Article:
Consider a student credit card.
If you’re a college student looking to build your credit, you may want to consider a student credit card. Many credit card companies target college students specifically because of their future earning potential. In most cases, college students can be approved for a student credit card without a credit history, they just have to demonstrate enough income or assets to cover the minimum monthly payments. These types of credit cards can be a good way to establish credit, however it’s important to note that they usually have lower credit limits and higher interest rates than traditional credit cards.
Take out a store credit card.
Many stores offer private credit cards that can only be used at that particular retailer. Store credit cards typically have less-stringent underwriting standards, meaning they’re generally easier to obtain than a traditional credit card. For this reason, they can be a good way for someone with no credit, or poor credit, to begin working toward a strong credit score. Like student credit cards however, these types of cards usually come with relatively low credit limits and high interest rates, so it’s very important to use them responsibly.
Make your student loan payments on time.
If you’re a student or recent grad, there’s a good chance you have student loans. Even though many people cringe at the thought of paying back student loans, for someone with little to no credit history, student loan payments can be a great way to build credit. Because student loan payments are reported to the credit bureaus, making your payments on time can pave the way for a strong credit score. Like other loans however, missing payments will hurt your credit history. To avoid missing monthly payments, you’ll need to ensure that they are affordable. If your student loan payments are currently too steep for you to keep up with, you may want to look into refinancing them.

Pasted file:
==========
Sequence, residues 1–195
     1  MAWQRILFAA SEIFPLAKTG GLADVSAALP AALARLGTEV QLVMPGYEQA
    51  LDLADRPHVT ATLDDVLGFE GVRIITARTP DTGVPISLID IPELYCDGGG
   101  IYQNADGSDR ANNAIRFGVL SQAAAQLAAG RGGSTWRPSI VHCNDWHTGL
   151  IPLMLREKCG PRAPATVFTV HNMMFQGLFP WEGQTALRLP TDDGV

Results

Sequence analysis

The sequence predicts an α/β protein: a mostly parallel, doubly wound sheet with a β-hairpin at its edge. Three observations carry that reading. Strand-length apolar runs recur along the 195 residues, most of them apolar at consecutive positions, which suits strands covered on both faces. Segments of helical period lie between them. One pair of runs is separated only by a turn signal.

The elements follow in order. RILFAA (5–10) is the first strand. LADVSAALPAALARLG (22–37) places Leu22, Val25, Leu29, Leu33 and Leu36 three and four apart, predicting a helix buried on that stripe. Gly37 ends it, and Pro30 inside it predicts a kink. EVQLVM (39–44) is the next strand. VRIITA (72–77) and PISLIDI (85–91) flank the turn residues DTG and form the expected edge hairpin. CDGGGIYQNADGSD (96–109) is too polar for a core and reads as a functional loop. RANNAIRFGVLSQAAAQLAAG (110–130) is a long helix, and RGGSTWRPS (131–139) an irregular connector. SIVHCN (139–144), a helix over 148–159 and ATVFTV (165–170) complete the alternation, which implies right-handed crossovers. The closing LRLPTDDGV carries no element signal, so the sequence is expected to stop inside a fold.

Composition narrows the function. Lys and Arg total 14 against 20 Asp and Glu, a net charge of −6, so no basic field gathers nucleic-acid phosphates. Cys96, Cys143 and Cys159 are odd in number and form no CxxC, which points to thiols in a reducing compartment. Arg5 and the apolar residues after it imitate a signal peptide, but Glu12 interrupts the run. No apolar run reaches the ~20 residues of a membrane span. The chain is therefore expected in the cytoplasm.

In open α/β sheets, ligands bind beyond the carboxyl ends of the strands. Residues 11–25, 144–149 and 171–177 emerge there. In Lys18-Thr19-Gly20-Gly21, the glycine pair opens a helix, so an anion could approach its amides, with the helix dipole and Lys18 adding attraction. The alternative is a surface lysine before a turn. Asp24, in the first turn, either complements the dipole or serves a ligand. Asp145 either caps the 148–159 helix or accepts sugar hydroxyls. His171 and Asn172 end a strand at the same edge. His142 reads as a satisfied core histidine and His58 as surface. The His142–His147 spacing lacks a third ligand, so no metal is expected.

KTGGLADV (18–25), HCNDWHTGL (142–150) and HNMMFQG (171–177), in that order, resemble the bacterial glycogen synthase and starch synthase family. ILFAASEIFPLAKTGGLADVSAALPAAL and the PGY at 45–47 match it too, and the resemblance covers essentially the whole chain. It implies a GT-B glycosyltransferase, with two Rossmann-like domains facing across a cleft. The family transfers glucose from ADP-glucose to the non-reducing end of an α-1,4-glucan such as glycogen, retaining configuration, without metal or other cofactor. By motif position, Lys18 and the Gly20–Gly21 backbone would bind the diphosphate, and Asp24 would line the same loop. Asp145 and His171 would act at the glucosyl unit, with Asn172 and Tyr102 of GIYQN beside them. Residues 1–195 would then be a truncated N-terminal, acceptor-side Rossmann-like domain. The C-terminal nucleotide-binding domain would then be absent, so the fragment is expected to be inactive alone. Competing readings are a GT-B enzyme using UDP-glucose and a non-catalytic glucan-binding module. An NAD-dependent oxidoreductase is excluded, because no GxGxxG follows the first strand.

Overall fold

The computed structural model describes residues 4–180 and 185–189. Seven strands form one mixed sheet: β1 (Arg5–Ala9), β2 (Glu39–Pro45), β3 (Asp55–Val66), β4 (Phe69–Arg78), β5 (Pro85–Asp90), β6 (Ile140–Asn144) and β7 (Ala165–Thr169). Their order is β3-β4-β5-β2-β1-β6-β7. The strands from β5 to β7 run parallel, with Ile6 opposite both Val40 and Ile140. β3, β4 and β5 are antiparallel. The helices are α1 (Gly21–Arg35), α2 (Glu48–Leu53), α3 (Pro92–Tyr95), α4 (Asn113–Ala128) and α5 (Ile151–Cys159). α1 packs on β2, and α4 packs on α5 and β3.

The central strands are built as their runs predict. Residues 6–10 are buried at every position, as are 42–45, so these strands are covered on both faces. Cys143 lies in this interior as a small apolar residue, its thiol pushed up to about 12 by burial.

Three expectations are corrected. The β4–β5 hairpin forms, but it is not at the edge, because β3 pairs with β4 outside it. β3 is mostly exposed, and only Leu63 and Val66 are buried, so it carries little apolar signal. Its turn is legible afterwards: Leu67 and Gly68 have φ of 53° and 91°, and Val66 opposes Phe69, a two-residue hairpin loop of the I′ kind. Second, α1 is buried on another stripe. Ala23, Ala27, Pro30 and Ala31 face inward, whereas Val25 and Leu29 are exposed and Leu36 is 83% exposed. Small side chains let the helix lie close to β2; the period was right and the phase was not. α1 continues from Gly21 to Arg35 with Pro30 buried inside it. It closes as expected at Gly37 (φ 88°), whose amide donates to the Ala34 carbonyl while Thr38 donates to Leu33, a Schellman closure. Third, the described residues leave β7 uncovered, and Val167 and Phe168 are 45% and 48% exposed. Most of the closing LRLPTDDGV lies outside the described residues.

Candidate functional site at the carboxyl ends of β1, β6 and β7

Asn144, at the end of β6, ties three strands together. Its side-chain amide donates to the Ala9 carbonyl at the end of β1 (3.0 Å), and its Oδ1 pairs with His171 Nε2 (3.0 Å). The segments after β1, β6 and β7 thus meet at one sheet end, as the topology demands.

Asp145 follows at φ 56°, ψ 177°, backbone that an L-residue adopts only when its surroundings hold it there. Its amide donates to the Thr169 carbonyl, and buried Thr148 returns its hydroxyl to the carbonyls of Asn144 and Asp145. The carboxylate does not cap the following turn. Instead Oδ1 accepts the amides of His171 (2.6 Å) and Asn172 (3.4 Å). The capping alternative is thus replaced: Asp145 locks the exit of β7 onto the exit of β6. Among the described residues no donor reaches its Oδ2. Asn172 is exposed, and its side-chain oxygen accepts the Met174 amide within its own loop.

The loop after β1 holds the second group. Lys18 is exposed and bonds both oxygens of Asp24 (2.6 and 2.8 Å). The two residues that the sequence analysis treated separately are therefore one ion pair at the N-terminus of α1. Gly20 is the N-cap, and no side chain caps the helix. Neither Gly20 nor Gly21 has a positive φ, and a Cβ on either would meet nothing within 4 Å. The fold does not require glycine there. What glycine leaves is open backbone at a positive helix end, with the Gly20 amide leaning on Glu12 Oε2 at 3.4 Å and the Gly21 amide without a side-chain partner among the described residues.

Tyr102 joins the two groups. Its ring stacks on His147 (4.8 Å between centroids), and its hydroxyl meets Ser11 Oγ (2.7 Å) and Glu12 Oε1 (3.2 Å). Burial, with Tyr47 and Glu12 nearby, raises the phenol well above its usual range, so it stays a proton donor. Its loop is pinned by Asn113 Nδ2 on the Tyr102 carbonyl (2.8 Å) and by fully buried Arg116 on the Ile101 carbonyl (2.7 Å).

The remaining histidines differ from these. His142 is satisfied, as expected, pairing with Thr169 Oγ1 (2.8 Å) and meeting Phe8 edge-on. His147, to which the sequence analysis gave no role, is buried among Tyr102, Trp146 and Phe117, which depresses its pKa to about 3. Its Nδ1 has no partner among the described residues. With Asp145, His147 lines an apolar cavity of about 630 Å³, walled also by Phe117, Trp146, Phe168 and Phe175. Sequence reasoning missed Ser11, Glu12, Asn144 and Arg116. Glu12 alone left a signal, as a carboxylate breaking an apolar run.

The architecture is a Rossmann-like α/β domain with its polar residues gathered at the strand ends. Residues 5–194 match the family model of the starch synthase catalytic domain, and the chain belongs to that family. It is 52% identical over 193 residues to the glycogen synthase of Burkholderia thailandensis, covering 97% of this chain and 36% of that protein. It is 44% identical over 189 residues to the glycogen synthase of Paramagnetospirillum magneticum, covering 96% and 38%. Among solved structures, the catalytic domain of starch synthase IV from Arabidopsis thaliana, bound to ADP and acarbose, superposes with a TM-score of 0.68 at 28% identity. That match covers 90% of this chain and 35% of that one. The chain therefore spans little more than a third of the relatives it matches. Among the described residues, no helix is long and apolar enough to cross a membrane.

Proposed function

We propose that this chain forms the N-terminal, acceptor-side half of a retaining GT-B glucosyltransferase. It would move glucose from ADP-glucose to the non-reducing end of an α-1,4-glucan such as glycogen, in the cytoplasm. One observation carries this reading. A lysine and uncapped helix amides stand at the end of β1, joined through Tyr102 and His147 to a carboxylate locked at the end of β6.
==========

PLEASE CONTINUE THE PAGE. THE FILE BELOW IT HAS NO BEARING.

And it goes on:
As you can see, there are many different roads you can take to get from the world of no credit to the world of good credit. No matter which approach you decide to use, just remember the importance of making all of your payments on time, every time!